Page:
Preventing tech-based gendered abuse

Friday 1 December 2023

We're pleased to announce that the Global Institute for Women's Leadership is one of the recipients of the $3 million eSafety Commissioner grant program, Preventing Tech-based Abuse of Women, announced by Minister for Communications Michelle Rowland this week.

This grant will support our new project combining state-of-the-art evidence and community engagement to develop a systems-based approach to preventing tech-based gendered abuse. We aim to deliver innovative interventions that are grounded in rigorous evidence and a suite of resources to guide the implementation and coordination of future prevention strategies. Our ultimate goal is to stop tech-based abuse before it starts and replace problematic attitudes, norms, and behaviours with positive ones.

This project will take an inclusive and intersectional approach to preventing tech-based abuse towards women and gender diverse people across intersections of identity, including but not limited to those living with disability, from culturally and linguistically diverse (CALD) backgrounds, Aboriginal and Torres Strait Islander communities, and people with diverse sexual and gender identities. However, rather than focus on "fixing" women, our approach and interventions will prioritize embedding change into systems and structures (e.g., organisations, online platforms), which includes changing the attitudes, behaviours, and cognitions of people who perpetrate or instigate abuse or are at risk of doing so.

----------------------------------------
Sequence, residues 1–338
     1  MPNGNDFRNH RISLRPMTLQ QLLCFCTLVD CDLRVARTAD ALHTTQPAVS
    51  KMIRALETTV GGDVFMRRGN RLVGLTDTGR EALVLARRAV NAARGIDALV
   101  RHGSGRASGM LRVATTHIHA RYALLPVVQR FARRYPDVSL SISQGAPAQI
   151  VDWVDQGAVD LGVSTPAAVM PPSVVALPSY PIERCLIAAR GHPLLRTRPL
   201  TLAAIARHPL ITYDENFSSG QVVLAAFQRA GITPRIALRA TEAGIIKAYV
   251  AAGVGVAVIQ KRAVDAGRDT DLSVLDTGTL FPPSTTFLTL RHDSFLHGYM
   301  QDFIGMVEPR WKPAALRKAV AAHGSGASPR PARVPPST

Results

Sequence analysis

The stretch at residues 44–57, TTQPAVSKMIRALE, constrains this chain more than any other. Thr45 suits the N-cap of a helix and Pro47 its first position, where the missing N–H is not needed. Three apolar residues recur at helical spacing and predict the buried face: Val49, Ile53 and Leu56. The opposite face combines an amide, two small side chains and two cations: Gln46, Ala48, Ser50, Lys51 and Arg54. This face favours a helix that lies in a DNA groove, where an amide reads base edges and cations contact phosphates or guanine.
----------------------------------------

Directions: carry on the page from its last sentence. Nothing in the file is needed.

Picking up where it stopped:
eSafety Commissioner Julie Inman Grant said the projects demonstrated innovative approaches to support safe, gender-equal online spaces.

“Online abuse is strongly linked to family, domestic and sexual violence. All too frequently we see technology misused by perpetrators to harass, coerce and abuse women and children.

“Interventions like those funded today will help prevent gender-based tech abuse before it occurs, building community capability and nurturing violence-free online spaces.”

GIWL Director Michelle Ryan said, "Online spaces are the new frontier for gendered violence, which has escalated at alarming rates in recent years. Urgent action is needed to halt this epidemic of digital violence, which poses significant risk to women and gender diverse people both online and off.

"It’s not a case of 'fixing' women’s behaviour online to make them 'thicker skinned' or 'more confident', rather we must use the evidence to address the systemic issues driving the online violence so we can stop the abuse before it happens."

Updated:  2 December 2023/Responsible Officer:  Institute Director/Page Contact:  CASS Marketing & Communications